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[1] Derrick Goold, “A curve, a keepsake, Cherry Coke: How Cards battery made history,” St. Louis Post-Dispatch, September 16, 2022.

[2] Jesse Rogers, “St. Louis Cardinals’ Adam Wainwright, Yadier Molina make record 325th start as battery,” ESPN.com, https://www.espn.com/mlb/story/_/id/34594137/st-louis-cardinals-adam-wainwright-yadier-molina-make-record-325th-start-battery.

[3] Derrick Goold, “A curve, a keepsake, Cherry Coke: How Cards battery made history,” St. Louis Post-Dispatch, September 16, 2022.

[4] Derrick Goold, “A curve, a keepsake, Cherry Coke: How Cards battery made history,” St. Louis Post-Dispatch, September 16, 2022.

[5] Jesse Rogers, “St. Louis Cardinals’ Adam Wainwright, Yadier Molina make record 325th start as battery,” ESPN.com, https://www.espn.com/mlb/story/_/id/34594137/st-louis-cardinals-adam-wainwright-yadier-molina-make-record-325th-start-battery.

[6] Derrick Goold, “A curve, a keepsake, Cherry Coke: How Cards battery made history,” St. Louis Post-Dispatch, September 16, 2022.

[7] Jesse Rogers, “St. Louis Cardinals’ Adam Wainwright, Yadier Molina make record 325th start as battery,” ESPN.com, https://www.espn.com/mlb/story/_/id/34594137/st-louis-cardinals-adam-wainwright-yadier-molina-make-record-325th-start-battery.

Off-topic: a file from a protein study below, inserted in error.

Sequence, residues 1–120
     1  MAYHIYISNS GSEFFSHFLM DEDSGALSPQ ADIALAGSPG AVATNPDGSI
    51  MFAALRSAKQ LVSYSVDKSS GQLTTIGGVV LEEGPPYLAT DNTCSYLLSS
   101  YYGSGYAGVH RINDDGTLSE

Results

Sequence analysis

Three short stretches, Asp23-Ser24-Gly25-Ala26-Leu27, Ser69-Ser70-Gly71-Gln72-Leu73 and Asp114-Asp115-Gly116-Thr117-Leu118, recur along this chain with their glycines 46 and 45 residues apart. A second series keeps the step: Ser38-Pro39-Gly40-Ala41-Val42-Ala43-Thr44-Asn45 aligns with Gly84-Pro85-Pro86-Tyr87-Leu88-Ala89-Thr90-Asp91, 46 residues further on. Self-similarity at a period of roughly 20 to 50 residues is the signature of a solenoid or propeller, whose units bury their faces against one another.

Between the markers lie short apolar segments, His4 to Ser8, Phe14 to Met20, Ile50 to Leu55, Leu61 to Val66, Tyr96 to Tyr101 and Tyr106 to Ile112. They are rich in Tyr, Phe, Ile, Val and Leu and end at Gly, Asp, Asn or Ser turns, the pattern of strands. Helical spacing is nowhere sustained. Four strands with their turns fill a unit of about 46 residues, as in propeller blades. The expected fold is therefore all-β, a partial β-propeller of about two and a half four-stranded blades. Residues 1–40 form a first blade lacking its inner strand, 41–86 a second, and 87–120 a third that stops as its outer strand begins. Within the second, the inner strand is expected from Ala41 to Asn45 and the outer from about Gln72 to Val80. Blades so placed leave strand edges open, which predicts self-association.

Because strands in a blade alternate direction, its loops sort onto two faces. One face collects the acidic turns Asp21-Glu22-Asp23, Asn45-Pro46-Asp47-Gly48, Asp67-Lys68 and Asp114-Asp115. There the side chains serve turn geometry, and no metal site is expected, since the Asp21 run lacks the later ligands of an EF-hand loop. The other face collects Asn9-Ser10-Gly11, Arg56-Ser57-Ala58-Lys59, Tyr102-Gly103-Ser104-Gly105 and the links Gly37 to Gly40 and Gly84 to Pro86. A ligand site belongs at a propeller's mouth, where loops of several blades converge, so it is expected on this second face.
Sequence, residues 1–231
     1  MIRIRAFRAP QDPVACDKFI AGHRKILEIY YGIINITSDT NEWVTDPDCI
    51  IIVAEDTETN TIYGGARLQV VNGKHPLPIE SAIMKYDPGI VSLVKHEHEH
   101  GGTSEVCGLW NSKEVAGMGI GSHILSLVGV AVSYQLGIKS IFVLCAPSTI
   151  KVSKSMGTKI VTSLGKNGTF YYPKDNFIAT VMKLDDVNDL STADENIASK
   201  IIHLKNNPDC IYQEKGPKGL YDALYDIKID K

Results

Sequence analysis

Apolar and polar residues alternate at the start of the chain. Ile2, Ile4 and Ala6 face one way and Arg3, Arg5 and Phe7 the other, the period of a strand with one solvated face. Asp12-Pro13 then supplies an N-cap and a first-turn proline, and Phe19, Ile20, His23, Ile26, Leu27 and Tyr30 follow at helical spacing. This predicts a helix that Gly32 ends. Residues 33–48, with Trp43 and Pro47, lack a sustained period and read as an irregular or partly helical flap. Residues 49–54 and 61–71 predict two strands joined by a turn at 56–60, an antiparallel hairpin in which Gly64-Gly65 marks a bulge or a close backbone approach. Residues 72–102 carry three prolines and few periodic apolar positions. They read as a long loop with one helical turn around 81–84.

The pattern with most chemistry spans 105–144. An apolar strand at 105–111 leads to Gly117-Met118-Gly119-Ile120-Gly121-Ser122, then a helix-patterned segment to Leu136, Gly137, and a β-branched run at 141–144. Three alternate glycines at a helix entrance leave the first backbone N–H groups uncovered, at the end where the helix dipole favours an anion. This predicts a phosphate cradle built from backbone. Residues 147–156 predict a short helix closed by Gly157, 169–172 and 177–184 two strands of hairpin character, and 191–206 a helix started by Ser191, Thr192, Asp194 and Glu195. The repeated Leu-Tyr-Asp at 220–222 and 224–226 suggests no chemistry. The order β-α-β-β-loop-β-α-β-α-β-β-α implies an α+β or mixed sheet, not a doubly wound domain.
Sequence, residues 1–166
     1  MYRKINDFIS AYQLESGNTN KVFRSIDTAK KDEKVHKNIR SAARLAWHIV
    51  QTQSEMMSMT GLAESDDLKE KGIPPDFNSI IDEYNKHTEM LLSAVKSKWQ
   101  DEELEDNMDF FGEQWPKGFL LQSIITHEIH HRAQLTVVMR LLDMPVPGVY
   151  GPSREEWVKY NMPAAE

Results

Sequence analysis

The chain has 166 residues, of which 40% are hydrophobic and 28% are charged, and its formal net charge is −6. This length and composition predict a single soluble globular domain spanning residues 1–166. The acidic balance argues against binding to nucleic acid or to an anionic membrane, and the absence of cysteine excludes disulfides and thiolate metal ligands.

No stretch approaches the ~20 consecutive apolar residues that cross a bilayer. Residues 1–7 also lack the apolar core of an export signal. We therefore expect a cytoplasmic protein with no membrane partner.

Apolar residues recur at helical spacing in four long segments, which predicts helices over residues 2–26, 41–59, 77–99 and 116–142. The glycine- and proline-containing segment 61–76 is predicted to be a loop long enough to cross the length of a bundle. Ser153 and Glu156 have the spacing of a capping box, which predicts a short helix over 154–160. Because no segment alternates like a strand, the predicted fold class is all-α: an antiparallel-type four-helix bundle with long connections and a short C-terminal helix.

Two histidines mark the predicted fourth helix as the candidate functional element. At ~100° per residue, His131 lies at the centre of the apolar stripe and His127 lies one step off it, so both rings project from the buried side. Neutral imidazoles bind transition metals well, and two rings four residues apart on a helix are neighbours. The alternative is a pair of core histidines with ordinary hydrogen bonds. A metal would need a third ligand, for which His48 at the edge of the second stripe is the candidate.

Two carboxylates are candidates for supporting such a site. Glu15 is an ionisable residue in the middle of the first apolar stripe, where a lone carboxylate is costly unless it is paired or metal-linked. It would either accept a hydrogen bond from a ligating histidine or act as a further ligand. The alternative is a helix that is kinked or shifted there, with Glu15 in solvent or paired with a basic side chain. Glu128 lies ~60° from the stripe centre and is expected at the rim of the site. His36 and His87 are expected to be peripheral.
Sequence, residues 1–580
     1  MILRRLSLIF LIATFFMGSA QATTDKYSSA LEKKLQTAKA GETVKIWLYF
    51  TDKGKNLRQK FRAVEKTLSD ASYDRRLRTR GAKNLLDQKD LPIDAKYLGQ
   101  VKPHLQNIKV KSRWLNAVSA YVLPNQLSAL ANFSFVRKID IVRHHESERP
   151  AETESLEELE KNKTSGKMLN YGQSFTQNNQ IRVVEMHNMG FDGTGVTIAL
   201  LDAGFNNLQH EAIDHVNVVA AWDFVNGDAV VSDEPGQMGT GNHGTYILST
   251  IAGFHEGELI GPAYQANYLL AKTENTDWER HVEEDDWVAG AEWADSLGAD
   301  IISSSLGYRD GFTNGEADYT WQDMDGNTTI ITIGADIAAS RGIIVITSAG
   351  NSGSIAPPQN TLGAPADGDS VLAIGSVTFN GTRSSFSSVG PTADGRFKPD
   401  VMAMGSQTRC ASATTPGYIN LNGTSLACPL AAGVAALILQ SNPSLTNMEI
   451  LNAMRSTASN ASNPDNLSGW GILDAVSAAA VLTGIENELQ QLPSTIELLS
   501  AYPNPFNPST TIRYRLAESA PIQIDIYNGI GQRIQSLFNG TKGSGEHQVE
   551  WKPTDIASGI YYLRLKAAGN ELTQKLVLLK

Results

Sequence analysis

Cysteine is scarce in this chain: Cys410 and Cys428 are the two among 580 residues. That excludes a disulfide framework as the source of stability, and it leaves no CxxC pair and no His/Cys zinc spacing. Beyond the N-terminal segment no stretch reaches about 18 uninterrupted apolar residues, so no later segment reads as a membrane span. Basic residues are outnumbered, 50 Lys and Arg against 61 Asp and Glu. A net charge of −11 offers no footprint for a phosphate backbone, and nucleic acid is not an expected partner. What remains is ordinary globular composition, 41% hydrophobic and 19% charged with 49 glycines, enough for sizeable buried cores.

[8] Jesse Rogers, “St. Louis Cardinals’ Adam Wainwright, Yadier Molina make record 325th start as battery,” ESPN.com, https://www.espn.com/mlb/story/_/id/34594137/st-louis-cardinals-adam-wainwright-yadier-molina-make-record-325th-start-battery.

[9] Jesse Rogers, “St. Louis Cardinals’ Adam Wainwright, Yadier Molina make record 325th start as battery,” ESPN.com, https://www.espn.com/mlb/story/_/id/34594137/st-louis-cardinals-adam-wainwright-yadier-molina-make-record-325th-start-battery.

[10] Jesse Rogers, “St. Louis Cardinals’ Adam Wainwright, Yadier Molina make record 325th start as battery,” ESPN.com, https://www.espn.com/mlb/story/_/id/34594137/st-louis-cardinals-adam-wainwright-yadier-molina-make-record-325th-start-battery.

[11] Jesse Rogers, “St. Louis Cardinals’ Adam Wainwright, Yadier Molina make record 325th start as battery,” ESPN.com, https://www.espn.com/mlb/story/_/id/34594137/st-louis-cardinals-adam-wainwright-yadier-molina-make-record-325th-start-battery.

[12] Jesse Rogers, “St. Louis Cardinals’ Adam Wainwright, Yadier Molina make record 325th start as battery,” ESPN.com, https://www.espn.com/mlb/story/_/id/34594137/st-louis-cardinals-adam-wainwright-yadier-molina-make-record-325th-start-battery.

[13] Derrick Goold, “A curve, a keepsake, Cherry Coke: How Cards battery made history,” St. Louis Post-Dispatch, September 16, 2022.

[14] Benjamin Hochman, “Duo’s bond extends to Cards fans,” St. Louis Post-Dispatch, September 15, 2022.

[15] Jeff Gordon, “Wainwright, Molina turn back clock,” St. Louis Post-Dispatch, September 14, 2022.

[16] Benjamin Hochman, “Duo’s bond extends to Cards fans,” St. Louis Post-Dispatch, September 15, 2022.